Pulitzer finalist Martin Espada will read from his poetry at 7:30 p.m. Tuesday, Oct. 20, in the Alumnae Library Theatre at Elms College.

Martin Espada Poetry Reading

Pulitzer finalist Martin Espada will read from his poetry at 7:30 p.m. Tuesday, Oct. 20, in the Alumnae Library Theater at Elms College.

Poetry Series to Host Reading by Pulitzer Finalist Martín Espada

To extend Elms College's celebration of National Hispanic Heritage Month, the Blue House will present a poetry reading by Martín Espada at 7:30 p.m. Tuesday, Oct. 20, in the Alumnae Library Theater. A reception will precede the event at 7 p.m.

“Martín Espada is one of our finest poets of the region, the country and the world,” said Dan Chelotti, assistant professor of English at Elms College. “Every year, I try to fill the Blue House Presents reading series with a diverse lineup. Although this reading will happen shortly after the end of Hispanic Heritage Month, it is important to bring diverse voices to campus that are representative of the diversity we find on campus every day.”

Espada, who was born in Brooklyn in 1957, has been called “the Pablo Neruda of North American authors” by writer Sandra Cisneros. A graduate of Northeastern University Law School and a former tenant lawyer in Greater Boston’s Latino community, Espada is a professor of English at the University of Massachusetts-Amherst.

“Martín Espada has said that poetry is bread, that which we pass around the table. Poetry is food for the soul and mind: two parts of us we often forget to feed,” Chelotti said. “I love when a student comes to me and says, ‘I had no idea how hungry I was for this.’ Martín Espada is the kind of poet that brings new readers to the poetry table.”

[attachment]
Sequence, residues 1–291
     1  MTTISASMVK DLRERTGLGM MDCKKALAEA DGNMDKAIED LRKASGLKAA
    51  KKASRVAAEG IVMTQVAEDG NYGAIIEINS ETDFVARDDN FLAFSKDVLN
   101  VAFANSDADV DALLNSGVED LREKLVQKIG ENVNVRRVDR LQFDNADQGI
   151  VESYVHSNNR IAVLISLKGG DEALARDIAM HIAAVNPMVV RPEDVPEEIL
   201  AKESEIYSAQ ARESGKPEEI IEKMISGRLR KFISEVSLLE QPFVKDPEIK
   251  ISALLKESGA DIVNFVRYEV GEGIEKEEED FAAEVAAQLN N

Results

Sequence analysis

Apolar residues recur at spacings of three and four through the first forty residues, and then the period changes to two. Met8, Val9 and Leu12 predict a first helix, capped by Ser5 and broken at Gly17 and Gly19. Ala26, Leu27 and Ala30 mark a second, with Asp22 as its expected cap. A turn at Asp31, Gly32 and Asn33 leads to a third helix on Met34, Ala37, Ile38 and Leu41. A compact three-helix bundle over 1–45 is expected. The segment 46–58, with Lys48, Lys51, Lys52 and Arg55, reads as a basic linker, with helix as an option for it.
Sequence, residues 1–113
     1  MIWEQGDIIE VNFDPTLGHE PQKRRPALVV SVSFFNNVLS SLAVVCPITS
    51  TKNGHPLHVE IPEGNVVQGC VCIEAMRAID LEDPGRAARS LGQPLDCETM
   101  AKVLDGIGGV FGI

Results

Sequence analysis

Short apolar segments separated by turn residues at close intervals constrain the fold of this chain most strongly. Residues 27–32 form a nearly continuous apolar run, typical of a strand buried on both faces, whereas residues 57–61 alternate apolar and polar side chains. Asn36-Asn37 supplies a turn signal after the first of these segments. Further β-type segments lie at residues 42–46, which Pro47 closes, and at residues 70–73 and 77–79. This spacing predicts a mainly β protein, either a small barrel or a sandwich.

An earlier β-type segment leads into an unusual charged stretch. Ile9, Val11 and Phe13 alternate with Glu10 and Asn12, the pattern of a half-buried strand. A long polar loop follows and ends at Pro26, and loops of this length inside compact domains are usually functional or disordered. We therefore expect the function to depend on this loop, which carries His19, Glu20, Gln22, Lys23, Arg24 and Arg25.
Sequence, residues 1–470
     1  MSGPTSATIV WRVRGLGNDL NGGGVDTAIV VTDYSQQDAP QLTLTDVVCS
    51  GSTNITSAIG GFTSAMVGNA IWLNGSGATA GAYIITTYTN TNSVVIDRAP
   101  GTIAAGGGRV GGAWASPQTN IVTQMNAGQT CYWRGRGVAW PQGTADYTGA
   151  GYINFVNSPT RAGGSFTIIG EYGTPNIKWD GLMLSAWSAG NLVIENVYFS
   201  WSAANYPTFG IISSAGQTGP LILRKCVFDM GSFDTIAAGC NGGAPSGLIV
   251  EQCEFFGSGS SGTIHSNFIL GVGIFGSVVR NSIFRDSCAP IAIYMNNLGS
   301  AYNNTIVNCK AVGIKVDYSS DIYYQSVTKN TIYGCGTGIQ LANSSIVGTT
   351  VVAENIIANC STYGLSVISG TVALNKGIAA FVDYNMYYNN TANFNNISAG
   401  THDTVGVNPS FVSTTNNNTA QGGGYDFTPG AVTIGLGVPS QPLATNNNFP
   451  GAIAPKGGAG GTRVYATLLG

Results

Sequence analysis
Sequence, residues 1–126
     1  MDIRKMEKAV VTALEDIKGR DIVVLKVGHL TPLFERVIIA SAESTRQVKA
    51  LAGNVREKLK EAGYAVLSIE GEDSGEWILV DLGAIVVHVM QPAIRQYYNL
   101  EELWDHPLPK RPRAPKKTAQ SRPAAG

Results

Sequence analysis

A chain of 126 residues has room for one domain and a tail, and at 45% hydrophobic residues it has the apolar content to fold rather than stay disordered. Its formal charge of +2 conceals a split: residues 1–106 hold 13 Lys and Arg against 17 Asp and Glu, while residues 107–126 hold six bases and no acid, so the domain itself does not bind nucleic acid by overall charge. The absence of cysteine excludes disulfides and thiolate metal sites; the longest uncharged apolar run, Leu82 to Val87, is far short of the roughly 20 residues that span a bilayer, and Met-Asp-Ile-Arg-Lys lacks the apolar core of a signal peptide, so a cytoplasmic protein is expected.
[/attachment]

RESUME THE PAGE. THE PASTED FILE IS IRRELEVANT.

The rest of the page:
“Poetry challenges readers and listeners to understand what motivates a poet to think and orchestrate their work the way they do,” Chelotti added. “As with all literature, poetry increases one's own capacity to empathize with others.”

Espada has published more than 15 books as a poet, editor, essayist and translator. Espada’s forthcoming collection of poems is called Vivas to Those Who Have Failed (2016). Other books of poems include The Trouble Ball (2011), The Republic of Poetry (2006), Alabanza (2003), A Mayan Astronomer in Hell’s Kitchen (2000), Imagine the Angels of Bread (1996) and City of Coughing and Dead Radiators (1993).

The title poem of his collection Alabanza, about 9/11, has been widely anthologized and performed. His book of essays, Zapata’s Disciple (1998), has been banned in Tucson as part of the Mexican-American Studies Program outlawed by the state of Arizona.

His many honors include the Shelley Memorial Award, the Robert Creeley Award, the National Hispanic Cultural Center Literary Award, an American Book Award, the PEN/Revson Fellowship and a Guggenheim Fellowship. The Republic of Poetry was a finalist for the Pulitzer Prize.

The poems Espada plans to read at this event include selections from a series about the life and death of his father -- a community organizer, civil rights activist and documentary photographer, from a jailhouse in Mississippi to the streets of Brooklyn. Others deal with collective grief in the wake of the killings at the Sandy Hook Elementary School and police violence against people of color.

Poetry itself cannot be separated from social justice struggles, Espada noted. “I write in the tradition of Walt Whitman, who saw himself as an advocate for what he called ‘the rights of them the others are down upon,’ ” he said.

“No change for the good ever happens without being imagined first -- even if, at the time we imagine such change, it seems impossible,” he added. “That's where poetry comes in. It's an act of the political imagination. The poems I read at Elms will reflect my belief in the connection between poetry and justice.”


View the entire Fall 2015 Semester Visiting Writers Series schedule.